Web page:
These represent six of the 11 municipal facilities on the lower Fox River (South of Mukwonago). There is currently not sufficient information on either the chemistry in the Fox River, the impact of impoundments and the biology in the river to make a determination if a site specific limit greater than the current 0.10 mg/L criteria is warranted. This group will be developing a work plan to test the chemistry in the river to assess the current conditions and conducting biological investigations (fish and macroinvertebrates) to determine the condition of the Fox River. The work plan will evolve over the next couple of years since administrative code rules will be required prior to beginning the detailed site work. Field work is planned to begin in 2018 and run through 2019. This presentation will discuss what is already known about the river including testing results which communities have been doing since 2013. The group will be actively seeking partners to help with this effort.

US Army Corp of Engineers

by Frank Veraldi, Ecosystem Planner, USACE, Chicago District

In 1998, Frank began with the US Army Corps of Engineers as a Biologist in the Environmental Formulation Section. Assignments included data collection, NEPA Compliance, restoration design, regulatory support, greenways and impact assessment. In 2004, his duties increased as a Study Manager and Restoration Ecologist in the Environmental Formulation Section; which include regulatory support, feasibility-level plan formulation and restoration design. He is also the team leader for ecosystem restoration at the Chicago District for the Great Lakes portion of the Division.

Frank is currently responsible for the formulation and design of many ecological restoration projects. Some of these include the Bonnie Brook Riverine & Riparian Restoration, the Red Mill Pond Dam Removal, the Hoffman Dam Removal, Northerly Island, Jackson Park, City of Elkhart Dam Removal and the Ft. Sheridan Coastal and Ravine Restoration. All of these projects seek to restore natural hydrology and hydraulics and other natural processes to re-establish self-sustaining and functioning habitats. Frank has also published several papers on the distribution of fishes, dam fragmentation and is preparing a manuscript on the Fishes of the Chicago Region. Frank has currently been appointed to the Technical Advisory Committee of the Illinois Endangered Species Board for fishes.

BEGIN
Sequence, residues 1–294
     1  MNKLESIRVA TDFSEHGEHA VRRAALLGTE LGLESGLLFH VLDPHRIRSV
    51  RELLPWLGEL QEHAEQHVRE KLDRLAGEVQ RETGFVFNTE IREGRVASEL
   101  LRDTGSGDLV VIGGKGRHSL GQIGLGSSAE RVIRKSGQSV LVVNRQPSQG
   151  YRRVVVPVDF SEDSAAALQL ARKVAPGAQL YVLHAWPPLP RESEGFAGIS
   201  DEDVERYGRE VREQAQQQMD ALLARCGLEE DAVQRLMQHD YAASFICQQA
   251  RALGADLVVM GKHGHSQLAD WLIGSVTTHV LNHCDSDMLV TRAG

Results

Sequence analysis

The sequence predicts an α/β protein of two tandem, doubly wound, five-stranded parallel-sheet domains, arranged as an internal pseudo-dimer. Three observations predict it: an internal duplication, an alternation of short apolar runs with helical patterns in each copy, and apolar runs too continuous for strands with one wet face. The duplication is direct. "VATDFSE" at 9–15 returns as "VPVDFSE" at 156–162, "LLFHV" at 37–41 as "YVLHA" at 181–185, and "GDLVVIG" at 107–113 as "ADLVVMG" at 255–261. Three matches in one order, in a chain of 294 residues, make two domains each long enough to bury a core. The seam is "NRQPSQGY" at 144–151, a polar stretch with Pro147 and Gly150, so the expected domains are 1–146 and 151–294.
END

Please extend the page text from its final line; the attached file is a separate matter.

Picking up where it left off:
The Illinois Department of Natural Resources requested that the US Army Corps of Engineers investigate the potential for addressing ten (10) Fox River Dams from Algonquin to Montgomery, IL. This investigation is being conducted under the Illinois River 519 Program, which gives authority to plan, design and construct ecosystem restoration projects within the Upper Illinois River system. An overview presentation would be given on current conditions, problems and opportunities and potential solutions. Any project resulting from this study is justified solely on habitat benefits, while considering affects to the human environment. This study is currently on hold due to non-Federal funding sources being locked by the Illinois governor.

A brief status on Asiatic Carps dispersal, monitoring, and preventative measures would be provided.


Wisconsin DNR

by Tim Plude, Water Resources Management Specialist, Bureau of Water Quality / Water Division, WDNR

Tim is a graduate of UW-River Falls with a B.S. degree in Conservation and a minor degree in Biology. He worked for two seasons as an AIS specialist and educator for Oneida County Land and Water Conservation Department. Tim started with the WI-DNR in 2012 working as an Aquatic Plant Management and Water Resources Management Specialist out of Rhinelander office. He is currently holding the Southern Lake Michigan Basin AIS and Rapid Response Specialist position with the WI-DNR and works out of the Plymouth office. Tim enjoys his time outdoors hunting, fishing, bird watching, botanizing and likes to take walks with his dog.

This talk will focus on summarizing recent intensive surveying efforts as well as the current status and distribution of Wisconsin’s newest aquatic invasive species the “starry stonewort, Nitellopsis obtusa” in Southeast Wisconsin. This species has been found within four lakes in the Fox River system that include both Little and Big Muskego Lakes, Bass Bay Lake (attached to Big Muskego) and Long Lake (aka, Kec-Nong-Ga-Mong). WDNR has been working with local lake groups to manage this species and these efforts will be summarized. This species has worked its way across the east coast and Midwest regions of the nation and this presentation will discuss reasons for the wide distribution. Knowing that it is in the Fox River basin has important ramifications for this system and lakes in particular, which will be discussed.

Chicago Metropolitan Agency For Planning

by Brian Daly, Associate Planner, Chicago Metropolitan Agency for Planning

Brian Daly is an associate planner at the Chicago Metropolitan Agency for Planning (CMAP), the official regional planning organization for northeastern Illinois. As part of CMAP’s Local Technical Assistance program, he helps communities across the Chicago metropolitan region to undertake planning projects that advance the principles of GO TO 2040, the region’s comprehensive plan. He received a Master in City Planning degree with a focus on environmental policy and planning from the Massachusetts Institute of Technology.

CMAP, as part of the Local Technical Assistance (LTA) program, worked with the Villages of Algonquin and Carpentersville to create a corridor plan to increase access to the Fox River, improve water quality, and enhance the downtown area of each community. The Fox River Corridor Plan was inspired by recently completed sub-area plans for the Villages of Algonquin and Carpentersville, both of which included recommendations to enhance recreational use of and access to the Fox River and the Fox River Trail. The plan recommendations focus on safe walking and bicycling connections along the riverfront, connections to regional trails and open space, access to water-based recreation and environmental resources, and water quality.

Fox River Ecosystem Partnership & Northeastern Illinois Invasive Plant Partnership

by Jeffrey L. Mengler, PWS, Senior Project Scientist, Hey and Associates, Inc., FREP President